Hendrie Weisinger, a psychologist who dubs himself a "critiqueologist," has written the book-several critically acclaimed ones, actually-on how to productively criticize in the workplace. He points out that the way criticism is usually given doesn't get the results we want: improvement in behavior, either that of our employees or, in the case of customers telling us what we're doing wrong, of our own.
From explaining timing in critiquing performance to the importance of doing so in a calm manner, Weisinger outlines the rules in his latest analysis, The Power of Positive Criticism (AMACOM). We asked him to criticize, well, criticism.
What's the biggest mistake in the way criticism is usually offered?
You get off on the wrong foot by trying to find flaws in what someone did. You have to go back to Aristotle, who coined the word, to understand what criticism is supposed to be: making a judgment for the sake of improvement. This isn't just semantics; it aligns our attitude with the result we want, which is change. The individual being criticized should be encouraged to look at ways to get results. We've started using feedback as a euphemism for positive criticism, but that's because we don't recognize that criticism isn't a negative word.
So the exact wording of what you say flows from your attitude?
Right. Those who consistently get good responses to their criticism are very careful about what they say. They never use the words "never" or "always," because as soon as you do that, the person being criticized gets defensive and starts thinking of the exceptions. It's better to say "sometimes." And don't emphasize what someone "did"-that freezes the action in the past, which is something they can't do anything about. Tell them what they're doing that can be done differently in the future.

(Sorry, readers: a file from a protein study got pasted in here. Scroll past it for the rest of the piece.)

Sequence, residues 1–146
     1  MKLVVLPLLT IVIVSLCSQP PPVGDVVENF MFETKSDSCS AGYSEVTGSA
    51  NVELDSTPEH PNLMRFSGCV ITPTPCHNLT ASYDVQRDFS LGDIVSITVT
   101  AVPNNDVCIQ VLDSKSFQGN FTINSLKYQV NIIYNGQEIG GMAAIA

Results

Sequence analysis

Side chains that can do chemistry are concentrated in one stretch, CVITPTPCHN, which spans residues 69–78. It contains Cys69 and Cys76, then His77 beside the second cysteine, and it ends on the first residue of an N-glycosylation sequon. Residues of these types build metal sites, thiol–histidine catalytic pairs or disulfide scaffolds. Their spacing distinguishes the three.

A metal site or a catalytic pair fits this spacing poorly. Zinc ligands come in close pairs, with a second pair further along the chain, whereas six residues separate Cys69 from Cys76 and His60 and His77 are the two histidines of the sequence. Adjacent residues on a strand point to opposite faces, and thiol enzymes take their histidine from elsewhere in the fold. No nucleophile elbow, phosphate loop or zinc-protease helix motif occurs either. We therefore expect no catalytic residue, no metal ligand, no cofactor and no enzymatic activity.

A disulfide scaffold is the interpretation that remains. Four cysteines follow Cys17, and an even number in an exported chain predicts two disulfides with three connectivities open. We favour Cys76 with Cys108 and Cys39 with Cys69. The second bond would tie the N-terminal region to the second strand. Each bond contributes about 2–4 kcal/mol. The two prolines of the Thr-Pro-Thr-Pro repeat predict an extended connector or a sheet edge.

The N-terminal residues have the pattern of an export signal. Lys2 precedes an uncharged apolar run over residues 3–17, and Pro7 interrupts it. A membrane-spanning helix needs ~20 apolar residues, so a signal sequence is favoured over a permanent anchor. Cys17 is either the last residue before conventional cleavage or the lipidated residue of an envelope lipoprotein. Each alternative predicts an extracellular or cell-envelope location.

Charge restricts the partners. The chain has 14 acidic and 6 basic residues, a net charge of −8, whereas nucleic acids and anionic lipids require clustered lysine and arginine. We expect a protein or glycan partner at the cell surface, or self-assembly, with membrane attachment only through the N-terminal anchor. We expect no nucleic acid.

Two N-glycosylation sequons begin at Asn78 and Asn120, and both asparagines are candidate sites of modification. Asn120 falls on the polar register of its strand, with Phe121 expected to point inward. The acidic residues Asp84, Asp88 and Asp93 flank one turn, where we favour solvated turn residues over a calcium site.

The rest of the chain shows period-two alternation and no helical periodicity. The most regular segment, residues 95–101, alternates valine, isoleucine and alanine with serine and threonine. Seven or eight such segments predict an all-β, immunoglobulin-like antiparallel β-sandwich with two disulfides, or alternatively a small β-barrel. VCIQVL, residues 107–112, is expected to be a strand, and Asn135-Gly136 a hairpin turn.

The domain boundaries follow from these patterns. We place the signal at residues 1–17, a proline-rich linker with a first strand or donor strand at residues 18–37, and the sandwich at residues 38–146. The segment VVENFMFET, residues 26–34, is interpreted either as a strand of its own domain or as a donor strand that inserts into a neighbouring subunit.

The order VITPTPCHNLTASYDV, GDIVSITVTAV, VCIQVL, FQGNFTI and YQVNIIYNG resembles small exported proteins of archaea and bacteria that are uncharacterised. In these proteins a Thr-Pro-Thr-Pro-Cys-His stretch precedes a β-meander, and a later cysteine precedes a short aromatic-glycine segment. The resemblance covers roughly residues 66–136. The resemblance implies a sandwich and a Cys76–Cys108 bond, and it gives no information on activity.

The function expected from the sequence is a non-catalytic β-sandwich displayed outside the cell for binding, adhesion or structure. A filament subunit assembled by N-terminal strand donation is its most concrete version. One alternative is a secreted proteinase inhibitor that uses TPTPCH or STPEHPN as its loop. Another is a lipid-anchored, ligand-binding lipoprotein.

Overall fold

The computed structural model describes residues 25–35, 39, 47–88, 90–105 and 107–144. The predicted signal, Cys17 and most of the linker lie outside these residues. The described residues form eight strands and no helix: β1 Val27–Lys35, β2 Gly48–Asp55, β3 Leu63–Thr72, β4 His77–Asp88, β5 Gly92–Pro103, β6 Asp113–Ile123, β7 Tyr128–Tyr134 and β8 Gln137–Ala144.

What can you do after the initial criticism to make sure you get the results you've asked for?
You want to set the right level of expectations. If your expectations are realistic, there's a good chance the people will get to where you want them to go. The key here is to follow up, to let them know you're offering support, that this isn't going to go away until there's productive action. You'll be there to help them along the way. And then reward them as they make the changes you want.
Scott S. Smith does the interviews for Supply Chain Technology News.
- Hendrie Weisinger, (203) 221-7257, Drhenhank@aol.com